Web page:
September 6th, 2012 at 10:00 am
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Beware “weekend effect” when taking elders to hospital

by Dorian Martin

Mom had a few trips to the hospital emergency room when she was a nursing home resident. Two times, she went by ambulance on a weekday, and we found she moved fairly smoothly through the admittance and treatment processes. Those experiences were in stark contrast to two other times when I accompanied her to the emergency room during a weekend.

On those weekend trips, we ended up stuck in the waiting room for more than five hours in one case and approximately six hours in the other before being called back for assessment and treatment. As I remember it, the average total time that Mom spent in the hospital from registration to discharge from the emergency room was approximately eight hours. Fortunately, she wasn’t facing any dire health issues when these trips happened. However, this type of wait can be difficult when elderly patients also suffer from dementia.

Why the difference in the wait? Perhaps more people needed care on the weekend. My other idea is that the hospitals didn’t adjust emergency room staffing levels to ensure that enough medical personnel were available on weekends.

“Weekend effect” in hospitals

Researchers have actually identified a weekend effect in hospitals. The U.S. Department of Health & Human Services notes that patients with various medical and surgical conditions may not see the best results when they are admitted after normal business hours or on the weekends — especially patients with heart attacks or strokes. A Johns Hopkins University report adds head traumas to the list of conditions where patients may be more likely to die if they are hospitalized over a weekend.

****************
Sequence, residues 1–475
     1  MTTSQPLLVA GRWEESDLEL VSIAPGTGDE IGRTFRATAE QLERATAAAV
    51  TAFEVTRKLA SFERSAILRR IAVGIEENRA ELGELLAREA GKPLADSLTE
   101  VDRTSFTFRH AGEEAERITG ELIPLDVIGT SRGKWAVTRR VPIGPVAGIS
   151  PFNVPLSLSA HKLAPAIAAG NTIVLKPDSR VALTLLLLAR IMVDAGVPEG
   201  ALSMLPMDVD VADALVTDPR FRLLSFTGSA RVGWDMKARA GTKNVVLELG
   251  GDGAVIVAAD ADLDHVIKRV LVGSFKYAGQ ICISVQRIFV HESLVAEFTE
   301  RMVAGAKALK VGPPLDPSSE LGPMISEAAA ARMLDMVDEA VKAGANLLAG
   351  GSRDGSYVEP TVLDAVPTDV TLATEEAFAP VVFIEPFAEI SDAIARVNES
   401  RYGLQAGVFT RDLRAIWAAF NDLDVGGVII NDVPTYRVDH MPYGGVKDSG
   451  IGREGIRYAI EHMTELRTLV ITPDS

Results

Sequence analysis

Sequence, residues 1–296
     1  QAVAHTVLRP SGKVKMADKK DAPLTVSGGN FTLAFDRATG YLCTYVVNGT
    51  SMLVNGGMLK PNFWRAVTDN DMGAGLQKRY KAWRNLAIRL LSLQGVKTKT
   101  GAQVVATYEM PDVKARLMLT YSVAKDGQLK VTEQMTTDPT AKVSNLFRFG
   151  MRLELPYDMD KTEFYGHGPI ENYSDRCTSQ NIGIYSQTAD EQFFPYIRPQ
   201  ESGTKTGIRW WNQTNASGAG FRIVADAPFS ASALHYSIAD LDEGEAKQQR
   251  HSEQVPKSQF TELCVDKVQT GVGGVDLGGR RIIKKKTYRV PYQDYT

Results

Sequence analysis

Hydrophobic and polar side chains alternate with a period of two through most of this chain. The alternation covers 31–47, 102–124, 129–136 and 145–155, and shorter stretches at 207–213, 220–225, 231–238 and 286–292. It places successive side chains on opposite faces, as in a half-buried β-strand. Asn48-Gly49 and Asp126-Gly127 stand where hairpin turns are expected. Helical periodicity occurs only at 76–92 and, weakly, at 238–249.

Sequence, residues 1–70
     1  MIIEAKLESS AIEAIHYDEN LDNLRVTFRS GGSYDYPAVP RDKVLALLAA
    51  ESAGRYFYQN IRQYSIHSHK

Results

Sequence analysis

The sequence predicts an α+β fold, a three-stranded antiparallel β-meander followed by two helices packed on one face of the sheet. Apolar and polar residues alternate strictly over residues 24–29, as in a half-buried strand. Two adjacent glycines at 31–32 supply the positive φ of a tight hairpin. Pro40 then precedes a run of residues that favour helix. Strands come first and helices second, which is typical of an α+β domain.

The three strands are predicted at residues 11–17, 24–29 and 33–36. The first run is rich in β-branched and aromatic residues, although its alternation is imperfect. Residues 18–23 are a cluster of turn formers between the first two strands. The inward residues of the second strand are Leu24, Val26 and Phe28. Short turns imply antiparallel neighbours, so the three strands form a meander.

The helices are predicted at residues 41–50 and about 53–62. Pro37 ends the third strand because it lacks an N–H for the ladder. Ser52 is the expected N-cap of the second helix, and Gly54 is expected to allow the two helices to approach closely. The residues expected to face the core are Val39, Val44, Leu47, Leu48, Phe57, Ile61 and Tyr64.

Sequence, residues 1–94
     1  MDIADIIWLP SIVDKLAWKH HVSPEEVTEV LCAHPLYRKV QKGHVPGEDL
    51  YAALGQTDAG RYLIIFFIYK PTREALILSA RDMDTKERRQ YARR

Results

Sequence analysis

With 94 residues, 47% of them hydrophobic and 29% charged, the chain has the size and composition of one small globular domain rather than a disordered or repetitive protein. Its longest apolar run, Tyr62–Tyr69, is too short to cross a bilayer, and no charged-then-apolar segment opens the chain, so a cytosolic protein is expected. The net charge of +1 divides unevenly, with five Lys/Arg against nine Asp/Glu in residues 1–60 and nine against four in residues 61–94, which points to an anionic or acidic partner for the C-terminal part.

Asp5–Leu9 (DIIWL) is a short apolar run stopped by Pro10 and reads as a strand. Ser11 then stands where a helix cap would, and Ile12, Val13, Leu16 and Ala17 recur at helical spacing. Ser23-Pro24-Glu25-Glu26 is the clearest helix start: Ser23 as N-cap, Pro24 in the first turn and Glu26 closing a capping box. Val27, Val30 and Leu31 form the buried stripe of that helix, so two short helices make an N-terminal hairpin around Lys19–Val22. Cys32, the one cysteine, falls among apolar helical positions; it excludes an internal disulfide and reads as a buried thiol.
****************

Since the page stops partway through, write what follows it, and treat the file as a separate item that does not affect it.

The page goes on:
The latest John Hopkins study focuses on 38,675 patients between the ages of 65 and 89 who went to U.S. hospitals due to head traumas. Of these cases, slightly more than 25 percent arrived on weekends. The analysis found that weekend patients were 14 percent more likely to die from their injuries than those admitted on weekdays. And interestingly, the timing of admittance mattered the most, not the severity of the head injury or the number of other health conditions.

The researchers suggest two different reasons behind this finding. First of all, hospitals operate differently during the weekend since they have fewer experienced doctors and nurses available to see patients. Secondly, some hospitals may experience delays in getting specialists such as neurosurgeons to the hospital during a weekend.

Level 1 trauma centers as alternative

The U.S. Department of Health & Human Services reports that as of July 2011, Level 1 trauma centers avoid the weekend effect; these centers offer highly specialized staff at all times. If an elder suffers a serious injury or other life-threatening condition over the weekend, opt for a Level 1 trauma center if possible. If you are a caregiver, especially for a person with Alzheimer’s, you can do research on the availability of Level 1 trauma centers in your area, in case your loved one does need specialized care outside of normal working hours.

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